Need a protein dish pronto? Make one speedy with spiedies (both words are pronounced the same). DaVita dietitian, Jennifer from Wisconsin, shares a recipe for this regional favorite that closely resembles the chicken kebab. These skewered cubes of marinated chicken grill in a jiffy and taste great.
Jennifer grew up in Watertown, and then went on to attend Viterbo College in La Crosse, Wisconsin. She didn’t intend to become a dietitian, but somewhere along the line, it seemed like a perfect fit. According to Jennifer, “I started going to school for pre-med and chemistry, but decided against the long on-call hours and residency. I changed to nutrition and dietetics because it included everything I enjoyed—math, science, food and people.”
Jennifer joined DaVita in 2005. About her decision to work with kidney patients, she states, “I was drawn to the renal field because the diet makes a big difference in how patients feel and do. I also love the fact that I can see my patients three times a week to work on diet improvements.” Jennifer feels, “The most enjoyable part of my job is meeting with people on a continuous basis and giving the feedback and support that they need to follow a renal diet. When I talk with my patients I always try to imagine what it must be like to be in that dialysis chair. I also try to make them part of decision-making so they can feel good about the process.”
She says the most challenging part of her job is working very hard with patients and not getting the positive results to share with them. But when the hard work finally pays off, she gets her greatest reward. “When patients say ‘thank you,’ and are appreciative of my assistance, that’s the most rewarding part of my job. I also love to see my patients’ faces when they get that smiley face on a good report card.”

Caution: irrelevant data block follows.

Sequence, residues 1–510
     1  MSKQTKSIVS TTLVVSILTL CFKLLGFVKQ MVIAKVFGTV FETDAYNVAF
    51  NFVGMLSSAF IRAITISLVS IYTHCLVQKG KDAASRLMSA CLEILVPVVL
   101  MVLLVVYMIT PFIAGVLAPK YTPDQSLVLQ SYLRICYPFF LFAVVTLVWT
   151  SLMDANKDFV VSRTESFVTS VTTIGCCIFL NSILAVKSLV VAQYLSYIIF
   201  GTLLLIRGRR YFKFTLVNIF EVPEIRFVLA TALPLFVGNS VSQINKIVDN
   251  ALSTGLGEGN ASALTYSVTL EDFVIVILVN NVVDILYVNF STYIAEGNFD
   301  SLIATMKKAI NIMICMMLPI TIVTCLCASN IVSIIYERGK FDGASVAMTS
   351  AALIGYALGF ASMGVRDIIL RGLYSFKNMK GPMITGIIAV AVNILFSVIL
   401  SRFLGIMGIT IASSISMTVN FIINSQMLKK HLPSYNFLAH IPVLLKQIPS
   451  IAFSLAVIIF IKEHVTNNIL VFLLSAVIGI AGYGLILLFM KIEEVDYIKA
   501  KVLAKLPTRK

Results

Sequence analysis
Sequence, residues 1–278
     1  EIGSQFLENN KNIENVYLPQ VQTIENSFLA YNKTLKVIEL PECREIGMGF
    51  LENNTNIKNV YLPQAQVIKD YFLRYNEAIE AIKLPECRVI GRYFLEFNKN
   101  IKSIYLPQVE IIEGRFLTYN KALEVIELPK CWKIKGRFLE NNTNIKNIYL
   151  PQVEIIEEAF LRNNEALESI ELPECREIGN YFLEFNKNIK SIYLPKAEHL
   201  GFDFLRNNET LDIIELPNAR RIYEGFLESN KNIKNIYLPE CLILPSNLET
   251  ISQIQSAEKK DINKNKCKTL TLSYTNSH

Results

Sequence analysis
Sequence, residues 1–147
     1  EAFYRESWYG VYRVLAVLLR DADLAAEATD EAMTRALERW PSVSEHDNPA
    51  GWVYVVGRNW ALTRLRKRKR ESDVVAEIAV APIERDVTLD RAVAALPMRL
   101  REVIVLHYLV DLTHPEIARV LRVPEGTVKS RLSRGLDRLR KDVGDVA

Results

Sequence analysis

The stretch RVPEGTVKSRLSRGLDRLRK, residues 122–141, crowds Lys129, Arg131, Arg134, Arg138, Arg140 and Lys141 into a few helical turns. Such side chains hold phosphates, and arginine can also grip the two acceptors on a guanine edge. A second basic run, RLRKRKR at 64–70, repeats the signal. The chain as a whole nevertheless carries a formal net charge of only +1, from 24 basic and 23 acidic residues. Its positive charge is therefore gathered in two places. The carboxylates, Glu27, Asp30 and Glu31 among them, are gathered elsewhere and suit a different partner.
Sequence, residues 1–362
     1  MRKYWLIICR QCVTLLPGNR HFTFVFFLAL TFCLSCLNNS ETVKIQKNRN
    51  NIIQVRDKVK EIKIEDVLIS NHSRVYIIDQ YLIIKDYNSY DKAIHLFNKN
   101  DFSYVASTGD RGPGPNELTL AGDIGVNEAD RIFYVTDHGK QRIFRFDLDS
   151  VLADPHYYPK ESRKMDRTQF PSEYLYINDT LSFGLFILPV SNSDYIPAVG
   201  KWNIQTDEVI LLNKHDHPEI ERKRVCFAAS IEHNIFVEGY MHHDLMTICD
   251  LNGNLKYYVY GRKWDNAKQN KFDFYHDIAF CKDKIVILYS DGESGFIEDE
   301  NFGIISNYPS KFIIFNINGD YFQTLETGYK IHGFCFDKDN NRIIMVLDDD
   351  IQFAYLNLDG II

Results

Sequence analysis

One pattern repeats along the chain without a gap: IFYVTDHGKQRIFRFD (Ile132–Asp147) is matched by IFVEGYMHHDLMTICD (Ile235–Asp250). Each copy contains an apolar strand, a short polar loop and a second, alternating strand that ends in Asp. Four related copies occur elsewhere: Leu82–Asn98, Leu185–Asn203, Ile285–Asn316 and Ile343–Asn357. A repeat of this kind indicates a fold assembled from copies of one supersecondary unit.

One educational approach Jennifer has found to be helpful and fun for her as well as her patients is playing games. Jennifer explains, “Patients don’t always remember what you tell them, even when it’s repeated, so games are a popular, interactive way to reinforce information.” One game her patients enjoy is “fishing.” Using a magnetic fishing pole, patients cast their line into a paper bag to catch magnetic food items. “If they catch an item low in phosphorus, it’s a keeper; if the food is high in phosphorus, they have to throw it back,” shares Jennifer, adding, “Patients love the interaction.”
Making sure patients understand what’s good to eat is only one aspect of helping them, as Jennifer reports, “When playing the phosphorus games during the patient education days, the patients with perfect phosphorus levels had some mistakes in choosing between high and low phosphorus foods. The patients that always have a high phosphorus level can tell you with 100% accuracy what is high or low in phosphorus, what their binder is and how much they should be taking!” In addition to teaching them, Jennifer tries to motivate patients to eat better to feel better. She says, “I try to make a difference by letting patients know that they can always come to me and I’ll try my best to help them—no matter what.”
Besides providing good nutrition information and motivation, Jennifer shares her philosophy. “I feel the most important thing a patient can do to improve their health is to focus on the positive things in life, accept their current situation and move forward. Focusing on the negative and having a negative attitude makes it very difficult to enjoy life,” states Jennifer.
Jennifer is proud of her center and teammates. “The whole team works extremely hard to improve outcomes for our patients,” she says. She also praises the DaVita nutrition team across the country and the quantity and quality of the educational materials that are available to help treat her patients.
Here’s a treat from Jennifer for everyone to try. Chicken Spiedies are a tempting entrée and easy to prepare. Throw some peppers and zucchini on the grill while the spiedies are sizzling and you’ll have a meal in minutes.